Tuesday, February 23, 2010

How To Make Pita Bread At Home

I have conquered the beast. One who was taunting me from many days, teasing me from far away… I thought to myself, surely I can do this? And I did! I made Pita bread and overcame my fear of YEAST!!!! He he he… seriously though, I had never used yeast before until yesterday and after making pita bread that was oh so good! I can now think of endless possibilities. (and also the fact that I have 400 gms of yeast lying in my pantry…yikes!)

So, Pita bread or khuboos as we call it in the middle east is a favorite in my house with hummus and grilled chicken. So when I opened my freezer yesterday and saw that I had grilled chicken and hummus in there I thought OK need to get some bread. But then I thought why not try to make it? I had bookmarked this recipe from Brown Eyed Baker a long time back but never got around to making it. This recipe led me to Not Without Salt which in turn led me to The Fresh Loaf which is the recipe which I eventually used (they are all the same basically). The dough was very simple to combine and rose so beautifully I had tears in my eyes. The best part was when the pitas puffed up in the oven. I screamed “Latif!!! Come fast, you have to see this!” seriously, you need to do this to actually see your labor of love in the oven. Please read the section About the Ingredients on the Fresh loaf for a lot of tips and information.
Keep Reading for the recipe and pics...

Recipe Source – The Fresh Loaf


3 Cups Flour* (see note below)
1 1/2 Teaspoons Salt
1 Tablespoon Sugar Or Honey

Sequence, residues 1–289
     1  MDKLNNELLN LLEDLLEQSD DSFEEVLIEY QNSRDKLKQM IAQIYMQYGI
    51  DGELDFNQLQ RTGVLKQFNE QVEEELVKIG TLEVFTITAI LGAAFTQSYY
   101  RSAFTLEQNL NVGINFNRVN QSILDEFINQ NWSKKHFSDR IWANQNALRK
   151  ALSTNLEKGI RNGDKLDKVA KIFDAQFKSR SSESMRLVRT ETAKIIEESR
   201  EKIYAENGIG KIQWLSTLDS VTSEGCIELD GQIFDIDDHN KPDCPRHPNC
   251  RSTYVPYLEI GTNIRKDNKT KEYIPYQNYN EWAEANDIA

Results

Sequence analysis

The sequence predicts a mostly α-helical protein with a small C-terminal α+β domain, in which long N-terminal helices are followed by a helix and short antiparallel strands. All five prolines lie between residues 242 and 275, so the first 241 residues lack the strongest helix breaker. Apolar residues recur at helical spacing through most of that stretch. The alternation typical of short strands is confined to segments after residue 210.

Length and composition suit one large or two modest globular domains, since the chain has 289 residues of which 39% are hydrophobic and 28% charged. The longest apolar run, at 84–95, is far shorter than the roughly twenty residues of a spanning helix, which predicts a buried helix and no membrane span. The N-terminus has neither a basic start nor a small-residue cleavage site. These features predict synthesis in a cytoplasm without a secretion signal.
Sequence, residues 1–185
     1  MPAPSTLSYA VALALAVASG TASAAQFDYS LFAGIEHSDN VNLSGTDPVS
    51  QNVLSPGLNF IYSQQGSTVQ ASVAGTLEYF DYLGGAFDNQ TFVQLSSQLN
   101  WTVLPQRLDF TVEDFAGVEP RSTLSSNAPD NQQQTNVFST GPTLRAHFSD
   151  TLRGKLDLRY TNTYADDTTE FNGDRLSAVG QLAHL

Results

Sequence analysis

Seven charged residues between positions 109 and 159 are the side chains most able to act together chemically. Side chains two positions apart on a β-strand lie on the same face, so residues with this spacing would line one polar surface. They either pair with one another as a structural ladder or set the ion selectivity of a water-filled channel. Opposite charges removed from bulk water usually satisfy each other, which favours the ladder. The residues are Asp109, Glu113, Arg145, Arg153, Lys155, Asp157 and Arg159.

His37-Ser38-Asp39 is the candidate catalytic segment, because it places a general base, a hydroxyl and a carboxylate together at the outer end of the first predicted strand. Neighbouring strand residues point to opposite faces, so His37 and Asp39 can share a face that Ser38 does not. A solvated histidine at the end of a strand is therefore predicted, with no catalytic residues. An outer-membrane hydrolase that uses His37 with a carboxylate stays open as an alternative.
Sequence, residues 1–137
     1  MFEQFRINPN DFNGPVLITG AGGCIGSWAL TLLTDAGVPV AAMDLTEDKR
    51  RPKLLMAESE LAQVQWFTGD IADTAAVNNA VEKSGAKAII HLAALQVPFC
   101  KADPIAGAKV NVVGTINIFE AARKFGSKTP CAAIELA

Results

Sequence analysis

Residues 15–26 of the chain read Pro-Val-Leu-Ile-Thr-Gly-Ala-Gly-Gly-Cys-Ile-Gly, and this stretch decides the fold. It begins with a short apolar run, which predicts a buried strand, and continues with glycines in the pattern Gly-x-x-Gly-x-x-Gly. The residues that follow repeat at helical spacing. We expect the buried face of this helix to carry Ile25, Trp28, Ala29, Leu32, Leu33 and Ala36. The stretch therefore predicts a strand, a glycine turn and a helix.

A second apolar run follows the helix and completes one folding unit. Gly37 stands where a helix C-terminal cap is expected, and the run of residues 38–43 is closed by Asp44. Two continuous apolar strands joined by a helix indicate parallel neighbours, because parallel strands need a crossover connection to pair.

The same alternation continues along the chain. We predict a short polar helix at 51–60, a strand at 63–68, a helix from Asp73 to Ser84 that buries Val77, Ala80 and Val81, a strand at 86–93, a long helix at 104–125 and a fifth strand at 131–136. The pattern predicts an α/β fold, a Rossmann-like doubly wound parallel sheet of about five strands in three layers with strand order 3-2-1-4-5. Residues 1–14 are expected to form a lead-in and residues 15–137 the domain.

1 Packet Yeast (Or, If From Bulk, 2 Teaspoons Yeast)**
1 1/4 To 1 1/2 Cups Water, Roughly At Room Temperature
2 Tablespoons Olive Oil, Vegetable Oil, Butter, Or Shortening

Notes * - I used one cup whole wheat flour (chapati atta) and two cups all purpose flour (maida). You can use all three cups of all purpose also. According to the Fresh Loaf you can use any combination of any flours but to be on the safe side start with all purpose and once you get the hang of things you can start experimenting to make them more healthy.
** - I used instant yeast as indicated in the recipe. You can also use active dry yeast which needs to be activated in warm water before using.

Place all the above ingredients in a mixing bowl and stir together with a wooden spoon. Since I am used to kneading the roti dough with my hand I found it easier to just mix everything with my hands. Once the ingredients come together to form a ball (you may need to add more water or flour depending on the stickiness of the dough), remove to a flat surface and knead the dough for 10 minutes to get a smooth round ball. I finished the kneading in the bowl itself as that is what I use for my roti dough.

The Fresh Loaf says “The purpose of kneading is to thoroughly combine the ingredients and to break down the flour so that the dough will become stretchy and elastic and rise well in the oven. A simple hand kneading technique is to firmly press down on the dough with the palm of your hand, fold the dough in half toward you like you are closing an envelope, rotate the dough 90 degrees and then repeat these steps, but whatever technique you are comfortable using should work."